All or a portion of obturator 24 (e.g. part or all of shaft 40 or its distal end 44) is made of an echogenic material that is highly visible under sonography, ultrasound, or other ultrasonic methods. As such, X-rays or fluoroscopy are not required to place the catheter 20 in the vasculature of the patient. Some types of echogenic material include foamed plastic and/or plastic imbedded with ultrasonically reflective particles. Some examples of ultrasonically reflective particles include zinc oxide, iron oxide, titanium dioxide, platinum oxide, and silver oxide. However, other types of echogenic material can be used for obturator 24. In addition, or as another configuration for obturator 24, shaft 40 can include a plurality of discrete echogenic markers placed or positioned along the length of the shaft 40 (e.g. along the outer surface of shaft 40) at one or more desired intervals. In one such example, an echogenic marker is positioned at the distal end 44 of shaft 40, and additional echogenic markers are positioned at intervals of about 5.0 cm proximally along the length of the shaft 40. By observing the passage of such marker(s) with respect to a substantially stationary part of an ultrasound image (e.g. an anatomic part such as a bone or a previously-inserted device), the physician knows how far the marker(s), and thus obturator 24 and catheter 22, have traveled within the body. Knowing how far to insert catheter 22 from the type of medical procedure to be performed and the patient\'s vasculature, the physician can assure at least approximately proper placement by counting the number of markers that pass a given location (e.g. the entrance to the body or a particular location in a vessel), to estimate how much of catheter 22 has been inserted past that location, or by observing a marker on end 44 of shaft 40 approaching a desired location for the distal end 34 of catheter 22.

As previously noted, the guide wire 56 can also be made of metal or other echogenic material. Echogenic markers as discussed above may be placed in particular locations with respect to either an echogenic or non-echogenic guide wire 56, such as at defined or predetermined intervals along the wire to assist the physician in visualizing where obturator 24 and/or catheter tube 22 are with respect to guide wire 56, or how far obturator 24 and/or catheter 22 have traveled with respect to guide wire 56.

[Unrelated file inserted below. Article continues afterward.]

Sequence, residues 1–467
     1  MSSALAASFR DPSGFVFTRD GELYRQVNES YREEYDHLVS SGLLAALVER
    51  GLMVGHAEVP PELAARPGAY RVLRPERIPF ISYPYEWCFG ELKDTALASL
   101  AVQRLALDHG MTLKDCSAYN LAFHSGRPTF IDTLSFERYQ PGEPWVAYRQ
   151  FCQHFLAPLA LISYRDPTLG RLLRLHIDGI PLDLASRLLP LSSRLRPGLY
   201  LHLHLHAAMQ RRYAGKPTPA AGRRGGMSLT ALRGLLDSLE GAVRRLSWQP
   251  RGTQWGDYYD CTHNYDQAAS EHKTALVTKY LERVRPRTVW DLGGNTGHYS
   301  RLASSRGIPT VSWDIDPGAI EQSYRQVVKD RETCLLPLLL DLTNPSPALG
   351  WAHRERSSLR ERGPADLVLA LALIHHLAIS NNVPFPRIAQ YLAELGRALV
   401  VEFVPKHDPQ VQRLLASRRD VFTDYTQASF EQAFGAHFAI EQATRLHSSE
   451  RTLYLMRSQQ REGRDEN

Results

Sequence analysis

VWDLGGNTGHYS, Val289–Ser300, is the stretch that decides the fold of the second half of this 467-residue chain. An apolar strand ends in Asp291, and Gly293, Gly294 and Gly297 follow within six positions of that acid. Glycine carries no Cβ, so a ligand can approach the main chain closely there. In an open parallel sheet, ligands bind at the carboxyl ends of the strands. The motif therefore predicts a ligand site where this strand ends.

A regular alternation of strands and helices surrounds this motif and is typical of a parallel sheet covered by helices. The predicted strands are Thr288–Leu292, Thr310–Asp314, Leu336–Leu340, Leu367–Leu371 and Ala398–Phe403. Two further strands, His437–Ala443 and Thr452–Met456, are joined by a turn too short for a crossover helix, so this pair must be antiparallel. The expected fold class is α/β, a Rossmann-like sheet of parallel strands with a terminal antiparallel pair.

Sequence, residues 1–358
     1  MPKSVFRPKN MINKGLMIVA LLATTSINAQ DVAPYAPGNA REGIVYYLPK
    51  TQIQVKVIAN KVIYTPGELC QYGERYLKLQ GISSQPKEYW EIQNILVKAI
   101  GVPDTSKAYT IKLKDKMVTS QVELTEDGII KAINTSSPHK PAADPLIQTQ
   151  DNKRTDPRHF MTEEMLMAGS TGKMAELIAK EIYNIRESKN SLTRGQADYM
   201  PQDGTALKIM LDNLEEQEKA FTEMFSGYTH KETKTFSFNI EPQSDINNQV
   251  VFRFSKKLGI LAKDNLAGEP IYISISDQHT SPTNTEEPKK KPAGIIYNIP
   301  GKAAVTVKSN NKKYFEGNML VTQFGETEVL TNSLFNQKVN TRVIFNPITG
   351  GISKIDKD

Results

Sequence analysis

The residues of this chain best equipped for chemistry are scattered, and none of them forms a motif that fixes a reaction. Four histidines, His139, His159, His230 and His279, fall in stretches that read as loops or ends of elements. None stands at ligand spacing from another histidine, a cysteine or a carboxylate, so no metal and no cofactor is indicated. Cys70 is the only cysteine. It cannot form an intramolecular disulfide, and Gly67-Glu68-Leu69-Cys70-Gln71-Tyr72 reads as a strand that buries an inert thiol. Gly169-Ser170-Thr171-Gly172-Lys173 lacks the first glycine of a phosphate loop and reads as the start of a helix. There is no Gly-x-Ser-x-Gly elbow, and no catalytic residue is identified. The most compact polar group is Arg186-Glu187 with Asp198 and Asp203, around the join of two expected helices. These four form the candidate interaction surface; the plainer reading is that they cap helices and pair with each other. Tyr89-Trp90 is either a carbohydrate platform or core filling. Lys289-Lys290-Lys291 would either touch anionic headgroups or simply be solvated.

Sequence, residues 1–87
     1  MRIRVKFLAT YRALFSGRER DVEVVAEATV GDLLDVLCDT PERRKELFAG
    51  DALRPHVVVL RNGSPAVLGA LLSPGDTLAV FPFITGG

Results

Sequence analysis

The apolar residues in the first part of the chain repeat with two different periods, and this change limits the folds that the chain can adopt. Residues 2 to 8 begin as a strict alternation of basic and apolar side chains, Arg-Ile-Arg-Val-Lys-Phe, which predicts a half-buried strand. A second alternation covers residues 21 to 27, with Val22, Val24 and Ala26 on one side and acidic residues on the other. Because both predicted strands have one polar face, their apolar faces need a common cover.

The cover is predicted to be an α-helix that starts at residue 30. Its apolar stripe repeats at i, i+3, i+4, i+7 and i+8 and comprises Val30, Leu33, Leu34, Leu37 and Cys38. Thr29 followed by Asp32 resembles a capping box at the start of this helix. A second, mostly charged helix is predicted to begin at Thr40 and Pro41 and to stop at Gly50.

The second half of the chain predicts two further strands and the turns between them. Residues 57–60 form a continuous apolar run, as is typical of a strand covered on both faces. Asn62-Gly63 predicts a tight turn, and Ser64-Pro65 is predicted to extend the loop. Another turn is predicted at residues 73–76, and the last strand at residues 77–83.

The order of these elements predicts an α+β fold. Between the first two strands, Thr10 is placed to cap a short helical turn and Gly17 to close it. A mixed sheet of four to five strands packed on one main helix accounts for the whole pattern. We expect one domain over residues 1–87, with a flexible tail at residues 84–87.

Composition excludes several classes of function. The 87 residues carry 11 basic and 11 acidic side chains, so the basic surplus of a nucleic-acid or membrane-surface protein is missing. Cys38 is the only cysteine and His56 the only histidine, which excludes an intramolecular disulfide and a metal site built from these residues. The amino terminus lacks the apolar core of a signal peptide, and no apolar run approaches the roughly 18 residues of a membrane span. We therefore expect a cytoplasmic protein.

In the illustrated embodiment, the adapter or hub 26 includes a proximal flange portion 70 opposite a distal body portion 80. Flange portion 70 is adapted to connect securely to cap 48 of obturator 24, while body portion 80 is adapted to connect securely to catheter 22. Particular embodiments of portions 70 and 80 are circular in cross-sectional shape, for ease in connection to obturator 24 and catheter 22. However, it will be understood that portions 70 and 80 can have other cross-sectional configurations such as square, oval, octagonal, or other shape that may be compatible with secure fitting to catheter 22 and/or obturator 24.

Flange portion 70 has a larger diameter in this embodiment than that of body portion 80. As previously noted, flange portion 70 is configured to be secured within cap 48 of obturator 24, so as to releasably engage and retain cap 48. For example, in the illustrated embodiment flange portion 70 includes external threads 72 which threadedly engage with internal threads 52 of flange 51 of cap 48. The physician can detach the connection between the hub 26 and the cap 48 by rotating the cap 48 around the hub 26 (e.g. flange portion 70) to unscrew the cap 48 from the hub 26, and if needed can attach (or reattach) cap 48 to hub 26 by screwing cap 48 onto hub 26. As described previously, proximal flange portion 70 and cap 48 can be configured differently to releasably engage and retain one another in other embodiments.